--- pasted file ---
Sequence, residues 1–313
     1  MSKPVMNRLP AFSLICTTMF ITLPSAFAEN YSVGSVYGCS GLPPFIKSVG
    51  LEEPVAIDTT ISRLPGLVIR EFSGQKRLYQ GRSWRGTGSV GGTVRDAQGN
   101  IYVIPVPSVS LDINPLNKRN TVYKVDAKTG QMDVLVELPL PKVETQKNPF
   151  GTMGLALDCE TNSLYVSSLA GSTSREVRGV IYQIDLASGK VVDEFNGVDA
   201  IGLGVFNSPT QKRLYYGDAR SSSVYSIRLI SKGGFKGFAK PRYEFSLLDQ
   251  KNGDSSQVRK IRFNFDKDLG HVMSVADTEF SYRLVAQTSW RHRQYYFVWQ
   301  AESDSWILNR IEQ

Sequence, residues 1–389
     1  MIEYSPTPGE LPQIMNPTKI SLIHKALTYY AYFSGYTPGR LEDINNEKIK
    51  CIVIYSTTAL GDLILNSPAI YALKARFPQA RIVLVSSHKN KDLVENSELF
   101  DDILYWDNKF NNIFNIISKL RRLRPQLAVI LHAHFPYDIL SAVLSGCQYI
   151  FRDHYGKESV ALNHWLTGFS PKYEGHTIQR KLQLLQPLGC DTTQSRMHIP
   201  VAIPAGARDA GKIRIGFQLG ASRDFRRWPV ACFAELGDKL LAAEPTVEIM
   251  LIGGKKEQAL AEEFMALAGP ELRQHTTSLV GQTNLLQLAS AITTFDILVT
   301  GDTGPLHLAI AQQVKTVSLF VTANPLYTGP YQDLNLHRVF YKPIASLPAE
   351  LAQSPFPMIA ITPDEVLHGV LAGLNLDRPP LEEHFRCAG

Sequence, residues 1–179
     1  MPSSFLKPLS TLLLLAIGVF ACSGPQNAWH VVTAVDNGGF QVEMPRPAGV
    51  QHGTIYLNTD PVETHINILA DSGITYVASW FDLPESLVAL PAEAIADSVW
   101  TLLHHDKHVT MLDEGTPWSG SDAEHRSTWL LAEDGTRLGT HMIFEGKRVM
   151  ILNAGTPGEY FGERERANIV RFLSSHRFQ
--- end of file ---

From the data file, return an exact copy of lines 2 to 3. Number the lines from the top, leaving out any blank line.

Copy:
     1  MSKPVMNRLP AFSLICTTMF ITLPSAFAEN YSVGSVYGCS GLPPFIKSVG
    51  LEEPVAIDTT ISRLPGLVIR EFSGQKRLYQ GRSWRGTGSV GGTVRDAQGN